In India, the first attempt to define nutrient requirements and desirable dietary intakes of nutrients for Indians to maintain good health was made by the nutrition Advisory Committee of the Indian Research Fund Association [Now Indian Council of Medical Research (ICMR)] in 1944'. This followed the recommendations made by the Technical Committee of the Health Committee, League of Nations in 19362, Food and Nutrition Board of the National Research Council, USA, 19443 and Report of the Committee of Nutrition, British Medical Association 19334. During this period, requirements and allowances of only energy, protein, iron, calcium, vitamin A, thiamine, riboflavin, ascorbic acid and vitamin D for Indians were considered. Considering these recommendations, a typical balanced diet based on habitual Indian dietary habits was formulated to provide all the nutrients for a normal adult reference man of 55 kg and a normal adult reference woman of 45 kg body weights. This was used to demonstrate that the diet then consumed by Indians, particularly by the poor, was deficient in several nutrients and could be improved by inclusion of some protective foods.


India is in developmental transition and is facing the dual burden of malnutrition. The pre- transition diseases like under nutrition and infectious diseases as well as post-transition, lifestyle- related degenerative diseases such as obesity, diabetes, hypertension, cardiovascular diseases and cancers are wide-spread in India. The last National Family Health Survey (NFHS) - 4 indicates a slight decline in under nutrition, with a prevalence of stunting as 38.4% and wasting as 21.5%6. Simultaneously, the burden of over nutrition has increased to about 20% in adult men and women.

Severe clinical forms of Protein Energy Malnutrition (PEM) - kwashiorkor and miasmas have become very rare. Over 50% women (particularly pregnant women) and children suffer from iron deficiency anemia (IDA), aggravated by helminthes infections. Though blindness due to vitamin A deficiency has become rare, a survey conducted by National Nutrition Monitoring Bureau (NNMB) shows that milder grades of deficiency as judged by clinical signs like night blindness and Bigot’s spots and low serum vitamin A levels, are common? Deficiencies of other micronutrients like some B-complex vitamins particularly riboflavin, folic acid and perhaps vitamin B 12 are also common.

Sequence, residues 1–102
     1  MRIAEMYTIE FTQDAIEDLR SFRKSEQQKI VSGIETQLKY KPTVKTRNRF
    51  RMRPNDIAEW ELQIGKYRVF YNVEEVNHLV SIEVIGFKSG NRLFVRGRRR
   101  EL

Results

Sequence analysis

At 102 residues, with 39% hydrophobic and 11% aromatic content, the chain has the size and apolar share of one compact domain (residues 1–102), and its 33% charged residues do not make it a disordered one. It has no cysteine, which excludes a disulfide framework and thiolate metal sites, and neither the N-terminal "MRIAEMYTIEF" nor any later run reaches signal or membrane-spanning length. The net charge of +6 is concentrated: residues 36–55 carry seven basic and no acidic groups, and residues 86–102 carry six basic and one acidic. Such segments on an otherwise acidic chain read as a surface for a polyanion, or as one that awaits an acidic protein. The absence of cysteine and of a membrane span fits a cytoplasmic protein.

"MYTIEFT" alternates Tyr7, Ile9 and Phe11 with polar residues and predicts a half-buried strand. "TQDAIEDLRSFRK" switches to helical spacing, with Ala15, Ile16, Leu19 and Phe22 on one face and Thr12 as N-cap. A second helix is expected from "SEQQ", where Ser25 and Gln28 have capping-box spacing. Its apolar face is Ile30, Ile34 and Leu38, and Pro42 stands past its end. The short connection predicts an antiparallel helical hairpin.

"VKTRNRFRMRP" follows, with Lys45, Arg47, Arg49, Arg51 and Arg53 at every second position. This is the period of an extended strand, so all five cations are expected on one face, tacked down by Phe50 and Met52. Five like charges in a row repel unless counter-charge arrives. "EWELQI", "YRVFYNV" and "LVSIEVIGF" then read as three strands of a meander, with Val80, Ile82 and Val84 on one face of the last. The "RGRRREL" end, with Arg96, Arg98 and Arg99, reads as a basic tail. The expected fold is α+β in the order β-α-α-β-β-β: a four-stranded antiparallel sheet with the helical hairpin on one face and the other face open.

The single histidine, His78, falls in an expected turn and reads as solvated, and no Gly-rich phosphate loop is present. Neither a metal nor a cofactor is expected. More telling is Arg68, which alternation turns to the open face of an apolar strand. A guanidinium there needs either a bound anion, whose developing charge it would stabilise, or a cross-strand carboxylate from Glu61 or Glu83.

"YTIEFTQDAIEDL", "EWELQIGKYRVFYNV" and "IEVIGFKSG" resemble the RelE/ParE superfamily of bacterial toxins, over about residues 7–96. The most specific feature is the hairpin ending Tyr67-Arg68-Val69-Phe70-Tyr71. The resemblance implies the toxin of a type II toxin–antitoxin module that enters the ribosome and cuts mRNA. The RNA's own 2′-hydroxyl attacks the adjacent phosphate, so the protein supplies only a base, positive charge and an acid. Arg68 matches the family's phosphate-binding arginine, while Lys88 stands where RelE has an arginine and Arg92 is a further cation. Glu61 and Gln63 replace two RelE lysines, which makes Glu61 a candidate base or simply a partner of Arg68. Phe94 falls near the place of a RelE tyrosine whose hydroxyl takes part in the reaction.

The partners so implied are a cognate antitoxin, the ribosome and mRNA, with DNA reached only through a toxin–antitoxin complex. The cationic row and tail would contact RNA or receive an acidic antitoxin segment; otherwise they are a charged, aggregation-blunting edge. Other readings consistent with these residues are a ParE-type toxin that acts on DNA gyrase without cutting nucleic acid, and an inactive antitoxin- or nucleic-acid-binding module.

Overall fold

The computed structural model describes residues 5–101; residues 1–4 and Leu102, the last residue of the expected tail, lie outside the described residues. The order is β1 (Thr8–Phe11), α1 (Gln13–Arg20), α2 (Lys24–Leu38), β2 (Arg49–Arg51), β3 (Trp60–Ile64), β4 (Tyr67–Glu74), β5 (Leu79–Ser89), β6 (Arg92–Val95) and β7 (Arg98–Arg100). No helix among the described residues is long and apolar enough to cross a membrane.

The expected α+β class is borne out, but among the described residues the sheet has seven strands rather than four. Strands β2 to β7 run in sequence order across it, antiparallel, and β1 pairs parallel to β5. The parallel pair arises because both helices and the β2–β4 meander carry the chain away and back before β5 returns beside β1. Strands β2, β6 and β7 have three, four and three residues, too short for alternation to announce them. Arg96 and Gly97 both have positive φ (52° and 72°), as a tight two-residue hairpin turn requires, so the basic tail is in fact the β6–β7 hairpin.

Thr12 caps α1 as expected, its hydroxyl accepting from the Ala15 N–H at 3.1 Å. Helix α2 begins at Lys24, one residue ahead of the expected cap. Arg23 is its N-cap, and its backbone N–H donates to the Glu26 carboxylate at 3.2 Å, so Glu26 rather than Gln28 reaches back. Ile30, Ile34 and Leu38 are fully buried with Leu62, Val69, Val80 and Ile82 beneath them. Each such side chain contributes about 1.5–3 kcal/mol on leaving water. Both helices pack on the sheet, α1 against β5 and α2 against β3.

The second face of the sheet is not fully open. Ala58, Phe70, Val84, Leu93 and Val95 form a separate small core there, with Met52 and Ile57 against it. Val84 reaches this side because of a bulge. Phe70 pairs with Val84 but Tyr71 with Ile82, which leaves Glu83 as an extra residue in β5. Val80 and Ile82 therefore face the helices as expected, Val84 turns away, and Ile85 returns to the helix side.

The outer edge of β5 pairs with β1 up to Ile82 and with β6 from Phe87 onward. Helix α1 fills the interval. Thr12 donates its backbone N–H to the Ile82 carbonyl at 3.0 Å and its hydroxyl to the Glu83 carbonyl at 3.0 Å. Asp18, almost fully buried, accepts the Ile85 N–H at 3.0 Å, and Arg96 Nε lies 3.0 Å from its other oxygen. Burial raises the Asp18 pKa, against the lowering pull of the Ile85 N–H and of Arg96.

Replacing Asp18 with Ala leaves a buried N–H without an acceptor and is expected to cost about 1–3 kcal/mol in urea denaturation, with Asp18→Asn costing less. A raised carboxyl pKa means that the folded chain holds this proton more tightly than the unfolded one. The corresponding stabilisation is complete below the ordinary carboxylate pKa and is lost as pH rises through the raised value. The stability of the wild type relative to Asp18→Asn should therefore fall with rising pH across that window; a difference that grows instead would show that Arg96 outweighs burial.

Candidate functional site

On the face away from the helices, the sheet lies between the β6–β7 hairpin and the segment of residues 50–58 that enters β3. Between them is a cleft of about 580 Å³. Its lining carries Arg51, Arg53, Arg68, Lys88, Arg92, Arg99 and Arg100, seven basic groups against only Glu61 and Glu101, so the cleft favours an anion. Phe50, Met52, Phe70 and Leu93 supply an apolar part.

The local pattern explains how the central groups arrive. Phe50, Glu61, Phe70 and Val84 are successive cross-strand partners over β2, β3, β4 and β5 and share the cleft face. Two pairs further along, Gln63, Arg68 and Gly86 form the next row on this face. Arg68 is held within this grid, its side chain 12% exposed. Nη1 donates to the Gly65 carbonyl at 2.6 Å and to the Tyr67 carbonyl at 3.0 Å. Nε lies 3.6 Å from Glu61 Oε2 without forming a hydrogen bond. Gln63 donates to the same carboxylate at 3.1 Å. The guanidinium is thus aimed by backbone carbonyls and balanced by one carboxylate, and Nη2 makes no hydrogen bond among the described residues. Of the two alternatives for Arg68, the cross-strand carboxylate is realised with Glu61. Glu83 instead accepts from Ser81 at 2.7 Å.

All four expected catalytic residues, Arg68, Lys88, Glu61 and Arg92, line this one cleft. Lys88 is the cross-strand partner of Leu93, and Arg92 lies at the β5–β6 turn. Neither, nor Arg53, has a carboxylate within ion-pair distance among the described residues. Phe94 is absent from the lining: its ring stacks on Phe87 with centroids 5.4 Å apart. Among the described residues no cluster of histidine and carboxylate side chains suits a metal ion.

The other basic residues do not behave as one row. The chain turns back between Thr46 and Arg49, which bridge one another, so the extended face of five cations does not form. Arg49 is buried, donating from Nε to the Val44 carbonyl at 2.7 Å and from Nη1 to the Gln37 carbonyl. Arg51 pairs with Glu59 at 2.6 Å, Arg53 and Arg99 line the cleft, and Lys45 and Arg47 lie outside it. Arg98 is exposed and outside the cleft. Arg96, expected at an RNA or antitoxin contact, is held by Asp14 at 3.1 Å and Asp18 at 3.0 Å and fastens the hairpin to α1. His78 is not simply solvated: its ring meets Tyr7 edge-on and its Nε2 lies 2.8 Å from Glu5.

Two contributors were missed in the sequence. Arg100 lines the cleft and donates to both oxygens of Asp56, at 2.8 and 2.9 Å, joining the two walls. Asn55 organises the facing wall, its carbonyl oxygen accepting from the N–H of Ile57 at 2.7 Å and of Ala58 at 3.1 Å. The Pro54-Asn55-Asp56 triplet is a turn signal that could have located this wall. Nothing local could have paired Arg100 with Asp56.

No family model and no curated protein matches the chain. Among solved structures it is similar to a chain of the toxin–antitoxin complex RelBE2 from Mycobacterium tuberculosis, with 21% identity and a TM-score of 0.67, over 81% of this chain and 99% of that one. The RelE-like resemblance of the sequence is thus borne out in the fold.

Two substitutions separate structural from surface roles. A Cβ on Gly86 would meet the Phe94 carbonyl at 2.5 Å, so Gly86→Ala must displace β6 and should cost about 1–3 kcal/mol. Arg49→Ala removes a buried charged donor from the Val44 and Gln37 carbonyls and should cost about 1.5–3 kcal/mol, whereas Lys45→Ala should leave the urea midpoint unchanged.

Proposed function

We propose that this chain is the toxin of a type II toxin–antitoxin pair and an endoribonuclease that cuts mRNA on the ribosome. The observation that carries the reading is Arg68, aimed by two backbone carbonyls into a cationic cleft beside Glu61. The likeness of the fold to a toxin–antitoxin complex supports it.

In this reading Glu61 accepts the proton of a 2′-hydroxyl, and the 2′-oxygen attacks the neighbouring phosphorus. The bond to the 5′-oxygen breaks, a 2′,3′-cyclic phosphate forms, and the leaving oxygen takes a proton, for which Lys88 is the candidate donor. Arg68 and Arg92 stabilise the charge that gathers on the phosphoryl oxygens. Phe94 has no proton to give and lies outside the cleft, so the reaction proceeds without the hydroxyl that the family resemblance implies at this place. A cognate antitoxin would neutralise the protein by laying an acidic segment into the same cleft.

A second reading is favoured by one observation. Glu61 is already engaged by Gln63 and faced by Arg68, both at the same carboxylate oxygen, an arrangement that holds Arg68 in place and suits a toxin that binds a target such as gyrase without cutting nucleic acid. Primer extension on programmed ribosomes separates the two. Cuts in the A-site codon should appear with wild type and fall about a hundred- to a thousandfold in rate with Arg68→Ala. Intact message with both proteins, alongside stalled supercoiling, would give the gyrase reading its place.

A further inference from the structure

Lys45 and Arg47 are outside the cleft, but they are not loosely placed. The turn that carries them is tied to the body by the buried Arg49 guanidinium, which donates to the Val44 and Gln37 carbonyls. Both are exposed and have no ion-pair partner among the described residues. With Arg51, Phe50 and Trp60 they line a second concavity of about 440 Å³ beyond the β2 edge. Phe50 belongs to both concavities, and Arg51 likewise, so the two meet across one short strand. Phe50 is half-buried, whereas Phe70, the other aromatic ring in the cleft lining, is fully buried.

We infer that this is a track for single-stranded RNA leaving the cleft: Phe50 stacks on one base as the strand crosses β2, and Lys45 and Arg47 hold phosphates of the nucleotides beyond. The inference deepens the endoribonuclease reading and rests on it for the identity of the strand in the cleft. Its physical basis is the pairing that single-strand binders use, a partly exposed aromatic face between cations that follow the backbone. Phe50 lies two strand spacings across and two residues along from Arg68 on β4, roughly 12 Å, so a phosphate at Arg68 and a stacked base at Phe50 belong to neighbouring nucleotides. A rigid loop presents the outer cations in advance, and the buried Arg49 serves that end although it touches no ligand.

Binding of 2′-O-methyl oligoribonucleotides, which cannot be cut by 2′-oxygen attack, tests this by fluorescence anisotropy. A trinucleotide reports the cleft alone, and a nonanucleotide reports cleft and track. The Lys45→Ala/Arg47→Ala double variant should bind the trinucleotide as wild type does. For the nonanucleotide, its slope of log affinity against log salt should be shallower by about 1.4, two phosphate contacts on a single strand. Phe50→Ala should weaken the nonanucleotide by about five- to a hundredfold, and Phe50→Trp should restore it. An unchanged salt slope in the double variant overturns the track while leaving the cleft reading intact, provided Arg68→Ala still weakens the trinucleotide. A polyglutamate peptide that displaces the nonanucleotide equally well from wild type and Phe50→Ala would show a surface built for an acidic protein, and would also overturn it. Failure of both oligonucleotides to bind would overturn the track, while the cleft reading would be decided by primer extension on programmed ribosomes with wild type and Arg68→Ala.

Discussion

Rickets has become rare, but recent studies from North and South India show that vitamin D deficiency as judged by serum levels of 25-hydroxy vitamin D exists in adults. This, besides low intake of calcium, may be responsible for the high prevalence of osteoporosis particularly in women.

The problem of severe forms offloading Deficiency Disorders (IDD) (an environmental problem) has been considerably reduced after universalization of Iodized salt. However due to improper implementation, milder forms of IDD persist in many districts. For every frank case of nutrition deficiency, there are dozens of others who suffer from sub-clinical malnutrition.


In the wake of reports by the Food and Agriculture Organization (FAO) on calorie=? and protein'? in 1950 and 1957 respectively, an attempt was made by the ICMR in 1958 through its Nutrition Advisory Committee (NAC) to revise protein and calorie requirements of Indians, based on data available at that time II. In 1968, the requirements of all nutrients except energy were reviewed by an Expert Committee constituted by ICMRI2. In 1978, the Recommended Dietary Allowances (RDA) for Indians was again reviewed by another Expert Group of the ICMR and RDAs of several nutrients were revised 13. In the recommendations made by the ICMR Expert Group in 1968 and 1978, a wide range of balanced diets for different age and sex groups were formulated which, if consumed, could ensure a daily intake of all nutrients at the recommended levels. The recommendations on human protein and energy requirements were again revised by a Joint Expert Group of F AO, WHO and United Nations University (UNU) in 198514. In arriving at human energy requirement, this International Expert Group followed an entirely new set of guidelines. Based on the new international guidelines, the ICMR 1989 revised the RDA for Indians". However, no substantial changes were made in the RDAs for protein, B-complex vitamin, iron and calcium. Also, no definitive recommendations were made for trace elements. Over the years, with the advancement in the data on various nutrients among Indians, the ICMR 2010 committee made changes to the RDAs 17. The ICMR 2010 committee recommendations were developed based on the available data in India and international data provided by FAO/WHO/UNU expert committee.

Energy allowances for Indians, which were recommended in 1958, had not been revised till 1988. In 1988, an Expert Group was constituted by the ICMR. The previous Expert committees of ICMR considered the updated accumulated data on Indians after 197314 while following the new guidelines of the Joint FAO/WHO/UNU Consultative Group of 198515 to define the energy and protein requirements of Indians. The Expert Group also defined the requirement of other nutrients like fat, vitamin D and vitamin A. However, no changes were made in the recommendations on the requirement of B-complex vitamins, iron and calcium. Further, recommendations on several additional nutrients such as carbohydrate, dietary fiber, water, phosphorus, vitamin E and vitamin K or dietary factors not considered by the earlier ICMR Expert Committees and made provisional recommendations on their desirable intakes to maintain good health. Dietary fat requirements were examined in greater detail and recommendations regarding the requirement in terms of invisible and visible fats were made"'. The reference body weights of normal healthy adult man, woman and children were also altered based on the body weight data on healthy normal adults and children obtained by National Institute of Nutrition (NIN).

**Contents and Sample Pages**